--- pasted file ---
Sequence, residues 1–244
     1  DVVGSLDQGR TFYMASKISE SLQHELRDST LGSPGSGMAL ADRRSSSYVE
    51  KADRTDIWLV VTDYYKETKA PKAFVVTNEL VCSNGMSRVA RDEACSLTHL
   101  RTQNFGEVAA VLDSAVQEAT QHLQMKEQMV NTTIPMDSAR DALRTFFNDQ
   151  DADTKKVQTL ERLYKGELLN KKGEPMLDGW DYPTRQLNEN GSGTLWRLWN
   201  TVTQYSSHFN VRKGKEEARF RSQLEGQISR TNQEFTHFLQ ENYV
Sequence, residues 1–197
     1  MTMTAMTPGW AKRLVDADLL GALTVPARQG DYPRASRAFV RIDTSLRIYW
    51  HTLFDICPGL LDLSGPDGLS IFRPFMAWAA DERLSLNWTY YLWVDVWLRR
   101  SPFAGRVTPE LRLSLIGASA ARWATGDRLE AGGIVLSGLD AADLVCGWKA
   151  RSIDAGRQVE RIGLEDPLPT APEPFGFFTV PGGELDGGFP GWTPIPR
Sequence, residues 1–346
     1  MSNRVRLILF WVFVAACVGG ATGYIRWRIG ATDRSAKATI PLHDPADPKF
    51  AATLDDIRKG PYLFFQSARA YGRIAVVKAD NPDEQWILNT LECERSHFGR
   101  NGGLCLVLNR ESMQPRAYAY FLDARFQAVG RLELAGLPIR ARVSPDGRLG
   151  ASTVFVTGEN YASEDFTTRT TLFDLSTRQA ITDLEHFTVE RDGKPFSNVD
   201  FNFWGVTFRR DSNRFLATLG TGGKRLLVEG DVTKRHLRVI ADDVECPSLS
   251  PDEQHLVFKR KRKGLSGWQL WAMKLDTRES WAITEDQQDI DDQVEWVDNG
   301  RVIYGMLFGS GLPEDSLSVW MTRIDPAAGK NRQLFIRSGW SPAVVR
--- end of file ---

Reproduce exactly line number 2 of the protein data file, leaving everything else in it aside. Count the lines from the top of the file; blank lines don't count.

     1  DVVGSLDQGR TFYMASKISE SLQHELRDST LGSPGSGMAL ADRRSSSYVE